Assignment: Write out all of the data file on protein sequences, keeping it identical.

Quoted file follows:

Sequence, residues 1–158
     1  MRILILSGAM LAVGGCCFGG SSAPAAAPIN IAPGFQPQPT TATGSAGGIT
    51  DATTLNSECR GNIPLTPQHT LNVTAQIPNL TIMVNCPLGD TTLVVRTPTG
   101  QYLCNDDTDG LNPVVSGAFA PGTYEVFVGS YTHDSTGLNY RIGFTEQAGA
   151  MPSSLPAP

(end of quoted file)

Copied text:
Sequence, residues 1–158
     1  MRILILSGAM LAVGGCCFGG SSAPAAAPIN IAPGFQPQPT TATGSAGGIT
    51  DATTLNSECR GNIPLTPQHT LNVTAQIPNL TIMVNCPLGD TTLVVRTPTG
   101  QYLCNDDTDG LNPVVSGAFA PGTYEVFVGS YTHDSTGLNY RIGFTEQAGA
   151  MPSSLPAP